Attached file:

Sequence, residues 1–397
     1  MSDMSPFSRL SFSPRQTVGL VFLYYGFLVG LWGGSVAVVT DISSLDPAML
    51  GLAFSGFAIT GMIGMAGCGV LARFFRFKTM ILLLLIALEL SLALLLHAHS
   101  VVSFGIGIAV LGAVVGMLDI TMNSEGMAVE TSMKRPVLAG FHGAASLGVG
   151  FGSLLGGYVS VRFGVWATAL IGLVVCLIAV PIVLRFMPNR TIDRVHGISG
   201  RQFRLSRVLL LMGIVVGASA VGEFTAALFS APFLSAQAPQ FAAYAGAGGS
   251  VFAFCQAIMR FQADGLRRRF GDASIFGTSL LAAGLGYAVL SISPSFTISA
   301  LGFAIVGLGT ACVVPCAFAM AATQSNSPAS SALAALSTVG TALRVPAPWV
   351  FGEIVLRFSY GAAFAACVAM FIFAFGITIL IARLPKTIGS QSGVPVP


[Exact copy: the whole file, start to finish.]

Sequence, residues 1–397
     1  MSDMSPFSRL SFSPRQTVGL VFLYYGFLVG LWGGSVAVVT DISSLDPAML
    51  GLAFSGFAIT GMIGMAGCGV LARFFRFKTM ILLLLIALEL SLALLLHAHS
   101  VVSFGIGIAV LGAVVGMLDI TMNSEGMAVE TSMKRPVLAG FHGAASLGVG
   151  FGSLLGGYVS VRFGVWATAL IGLVVCLIAV PIVLRFMPNR TIDRVHGISG
   201  RQFRLSRVLL LMGIVVGASA VGEFTAALFS APFLSAQAPQ FAAYAGAGGS
   251  VFAFCQAIMR FQADGLRRRF GDASIFGTSL LAAGLGYAVL SISPSFTISA
   301  LGFAIVGLGT ACVVPCAFAM AATQSNSPAS SALAALSTVG TALRVPAPWV
   351  FGEIVLRFSY GAAFAACVAM FIFAFGITIL IARLPKTIGS QSGVPVP